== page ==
The ASH Research Collaborative (ASH RC) has collaborated with two industry leaders, Novartis and Amgen, to include de-identified patient data from three separate studies of nearly 500 patients living with Sickle Cell Disease (SCD) and more than 1,000 patients with multiple myeloma as part of an unprecedented data sharing initiative.
The First Two Industry Sponsors
Novartis and Amgen represent the first two industry sponsors to offer the datasets to the growing collection of data in the ASH RC Data Hub, a platform designed to accelerate scientific discovery by gathering clinical data on rare blood diseases.
Essential for identifying new approaches to the prevention and treatment of hematologic diseases, people who take part in clinical research do so with an understanding that the experience will add to the growing body of knowledge about health and disease, and thus may help others in the future. To date clinical trials haven’t been made widely available or readily shared between industry, academia and researchers. Unfortunately this often contributes to duplication of efforts and missed opportunities to glean insights into hematologic diseases by combining data from multiple clinical trials.
Sharing Offers Exciting Potential
With big players such as Novartis and Amgen sharing their data with the ASH RC Data Hub “a new paradigm” in how data can be leveraged now exists, reports Dr. Roy Silverstein, MD, Medical College of Wisconsin, who also serves as president of ASH RC as well as president of the American Society of Hematology.
Moreover, “The data represent a key milestone for the ASH RC to harness the power of Big Data to aggregate and share data from people around the world all in one place. The ASH RC Data Hub will bridge the gap between academia and industry to accelerate the drug development and improve the treatment landscape for patients and families with devastating blood diseases.”
Novartis offered de-identified data from 498 people from their 3-year, prospective, non-interventional, multicenter registry in SCD (FISCO). While Amgen provided de-identified data for 783 people from their phase III study with carfilzomib and dexamethasone versus bortezomib and dexamethasone for relapsed multiple myeloma patients (ENDEAVOR) and 634 people from their phase III study comparing carfilzomib, lenalidomide, and dexamethasone (CRd) vs lenalidomide and dexamethasone (Rd) in patients with relapsed multiple myeloma (ASPIRE).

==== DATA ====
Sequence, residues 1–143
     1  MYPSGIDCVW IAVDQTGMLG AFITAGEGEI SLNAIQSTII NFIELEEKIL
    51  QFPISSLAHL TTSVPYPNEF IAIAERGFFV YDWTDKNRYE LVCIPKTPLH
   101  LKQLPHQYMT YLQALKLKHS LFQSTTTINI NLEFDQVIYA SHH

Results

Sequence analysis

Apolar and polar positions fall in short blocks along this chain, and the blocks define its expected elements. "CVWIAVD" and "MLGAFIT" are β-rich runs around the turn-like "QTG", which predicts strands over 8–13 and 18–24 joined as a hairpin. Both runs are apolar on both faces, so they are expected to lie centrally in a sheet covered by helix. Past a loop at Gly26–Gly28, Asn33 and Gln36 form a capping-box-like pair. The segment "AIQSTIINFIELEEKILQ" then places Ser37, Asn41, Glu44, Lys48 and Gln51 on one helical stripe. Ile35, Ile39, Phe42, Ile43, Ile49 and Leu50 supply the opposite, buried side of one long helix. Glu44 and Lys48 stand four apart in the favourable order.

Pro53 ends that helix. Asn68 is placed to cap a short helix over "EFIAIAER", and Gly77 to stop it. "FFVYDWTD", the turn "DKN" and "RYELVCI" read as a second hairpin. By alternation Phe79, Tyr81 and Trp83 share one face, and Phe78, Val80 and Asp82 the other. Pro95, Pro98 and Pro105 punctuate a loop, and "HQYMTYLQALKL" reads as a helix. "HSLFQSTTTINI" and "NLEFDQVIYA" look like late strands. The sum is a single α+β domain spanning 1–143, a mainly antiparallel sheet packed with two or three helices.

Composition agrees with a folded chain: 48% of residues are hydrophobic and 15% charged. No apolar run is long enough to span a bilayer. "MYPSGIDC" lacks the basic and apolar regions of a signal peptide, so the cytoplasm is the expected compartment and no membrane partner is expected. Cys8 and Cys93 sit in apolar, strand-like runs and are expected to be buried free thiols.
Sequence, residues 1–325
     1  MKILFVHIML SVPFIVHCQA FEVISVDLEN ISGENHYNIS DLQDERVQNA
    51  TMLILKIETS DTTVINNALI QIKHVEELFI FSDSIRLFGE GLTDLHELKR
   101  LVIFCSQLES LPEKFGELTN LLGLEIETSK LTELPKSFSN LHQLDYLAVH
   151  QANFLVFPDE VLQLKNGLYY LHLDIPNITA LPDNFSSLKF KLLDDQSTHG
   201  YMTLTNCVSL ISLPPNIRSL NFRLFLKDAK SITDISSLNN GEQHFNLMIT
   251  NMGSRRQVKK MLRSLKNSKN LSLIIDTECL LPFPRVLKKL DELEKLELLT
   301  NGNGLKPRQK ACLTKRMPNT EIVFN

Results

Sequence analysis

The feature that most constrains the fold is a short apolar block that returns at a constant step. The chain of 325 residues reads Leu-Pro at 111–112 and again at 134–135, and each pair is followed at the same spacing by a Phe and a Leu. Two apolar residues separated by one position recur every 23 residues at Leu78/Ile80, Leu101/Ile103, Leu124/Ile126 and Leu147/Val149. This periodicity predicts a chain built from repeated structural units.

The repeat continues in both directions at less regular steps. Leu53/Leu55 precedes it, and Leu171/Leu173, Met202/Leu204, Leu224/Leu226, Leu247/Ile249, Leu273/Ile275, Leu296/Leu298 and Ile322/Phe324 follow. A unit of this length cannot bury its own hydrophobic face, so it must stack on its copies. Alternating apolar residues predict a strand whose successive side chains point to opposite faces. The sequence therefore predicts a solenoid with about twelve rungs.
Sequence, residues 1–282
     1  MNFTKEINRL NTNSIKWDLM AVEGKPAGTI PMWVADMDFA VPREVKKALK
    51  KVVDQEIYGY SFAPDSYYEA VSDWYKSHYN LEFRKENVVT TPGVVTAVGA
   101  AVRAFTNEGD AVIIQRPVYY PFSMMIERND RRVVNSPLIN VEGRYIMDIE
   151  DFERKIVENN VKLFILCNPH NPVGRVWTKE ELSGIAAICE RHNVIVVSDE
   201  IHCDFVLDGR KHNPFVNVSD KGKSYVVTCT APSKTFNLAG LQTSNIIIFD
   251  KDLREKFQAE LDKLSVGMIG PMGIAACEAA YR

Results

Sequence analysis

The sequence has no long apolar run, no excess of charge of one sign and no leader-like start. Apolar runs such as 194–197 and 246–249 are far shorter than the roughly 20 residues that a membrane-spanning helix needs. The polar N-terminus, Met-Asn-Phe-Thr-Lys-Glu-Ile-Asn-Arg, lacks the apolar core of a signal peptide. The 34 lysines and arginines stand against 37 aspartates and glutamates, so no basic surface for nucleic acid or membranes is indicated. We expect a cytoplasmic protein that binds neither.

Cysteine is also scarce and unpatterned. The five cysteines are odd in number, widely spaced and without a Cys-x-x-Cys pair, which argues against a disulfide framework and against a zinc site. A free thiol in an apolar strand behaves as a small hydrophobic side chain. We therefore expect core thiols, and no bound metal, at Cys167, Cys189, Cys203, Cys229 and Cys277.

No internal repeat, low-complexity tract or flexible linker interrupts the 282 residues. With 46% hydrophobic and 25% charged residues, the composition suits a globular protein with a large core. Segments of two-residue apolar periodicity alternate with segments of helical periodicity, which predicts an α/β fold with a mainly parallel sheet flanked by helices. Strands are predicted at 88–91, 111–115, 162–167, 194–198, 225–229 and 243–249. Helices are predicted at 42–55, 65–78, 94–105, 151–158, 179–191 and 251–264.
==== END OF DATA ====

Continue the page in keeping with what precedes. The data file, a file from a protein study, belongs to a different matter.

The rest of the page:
Pooling Patient Data
The ASH RC Data Hub pools patient data from multiple sources and makes it available for query by institutions and investigators. Initially, the ASH RC Data Hub is focusing on multiple myeloma and SCD – as representative of two major domains in hematology, blood cancer and non-malignant blood disorders. Since launching in 2018, the ASH RC Data Hub has captured data from more than 3,000 patients with SCD and 2,000 patients with myeloma. The ASH RC has also launched an SCD Clinical Trials Network that will use the Data Hub as the central data repository for trial sites. The ASH RC anticipates clinical trial data submissions to become an industry standard and is working closely with pharmaceutical companies and other data sources.
About ASH Research Collaborative
The ASH Research Collaborative (ASH RC) is a non-profit organization that was established by the American Society of Hematology (ASH) in 2018 to foster collaborative partnerships to accelerate progress in hematology, with the goal of improving the lives of people affected by blood diseases.
The foundation of the ASH RC is its Data Hub, a technology platform that facilitates the exchange of information by aggregating in one place, and making available for inquiry, research-grade data on hematologic diseases. The first research initiative of the ASH RC is a Sickle Cell Disease (SCD) Clinical Trials Network (CTN), which launched in 2019 with the goal of optimizing the conduct of clinical trials research in SCD. The Network will leverage the Data Hub to collect key information and identify gaps that will help advance SCD research and treatment.